|Frequently Asked Questions|
|Fingering Hole Sizes|
The fingering holes on my flute are all different sizes. Is this correct or should they all be the same size?
Fingering hole sizes depend on what the flute maker's intension's were when the flute was created. Many flutes can be created with fingering holes that are all the same size whereas some will be easier to finger if different fingering hole sizes are utilized so that they are brought closer together. Flutes that are intentionally created in these ways are fine!
However, if fingering hole sizes differ because of instrument tuning, problems will occur. Whenever a flute is created there are maximum and minimum fingering hole sizes that must NOT be exceeded, not only for correct tuning of the primary scale but also for decent sounding primary and cross-fingered notes. If a flute maker has a problem tuning a particular fingering hole and he/she increases the hole beyond the maximum hole size, the flute will neither play well nor tune correctly. The only way to keep within the minimum/maximum fingering hole sizes is to correctly calculate the precise placement of the holes themselves so that hacking away at fingering holes, in order to force the hole into tune, is not at all necessary.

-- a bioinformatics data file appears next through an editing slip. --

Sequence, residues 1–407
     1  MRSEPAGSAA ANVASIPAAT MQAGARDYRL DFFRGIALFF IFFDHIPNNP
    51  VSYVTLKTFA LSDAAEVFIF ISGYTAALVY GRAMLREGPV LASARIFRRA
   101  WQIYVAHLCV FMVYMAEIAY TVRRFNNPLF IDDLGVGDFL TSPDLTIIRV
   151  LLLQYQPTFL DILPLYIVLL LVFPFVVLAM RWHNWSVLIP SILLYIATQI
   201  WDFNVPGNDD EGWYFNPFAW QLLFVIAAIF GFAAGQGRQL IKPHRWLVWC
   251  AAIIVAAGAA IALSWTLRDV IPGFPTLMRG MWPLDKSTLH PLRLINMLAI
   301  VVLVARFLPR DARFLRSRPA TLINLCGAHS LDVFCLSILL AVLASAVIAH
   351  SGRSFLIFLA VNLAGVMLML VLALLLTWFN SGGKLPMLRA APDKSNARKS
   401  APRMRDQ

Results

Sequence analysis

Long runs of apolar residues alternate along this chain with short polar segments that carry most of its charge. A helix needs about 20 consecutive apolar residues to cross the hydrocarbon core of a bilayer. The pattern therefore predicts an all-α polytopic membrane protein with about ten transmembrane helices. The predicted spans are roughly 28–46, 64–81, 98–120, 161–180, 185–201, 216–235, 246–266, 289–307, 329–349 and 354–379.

Similarly, a very small fingering hole amidst others that are larger can also create problems. If a flute maker is not aware of maximum and minimum fingering hole sizes and creates a flute with such a hole that is smaller than the minimum hole size, then that note will play badly and, quite often, very noticeably quieter than the other notes of the flute.
Note: It is worth mentioning that the maximum and minimum fingering hole sizes will, amongst other things, depend on the bore size and 'key' of the flute being created.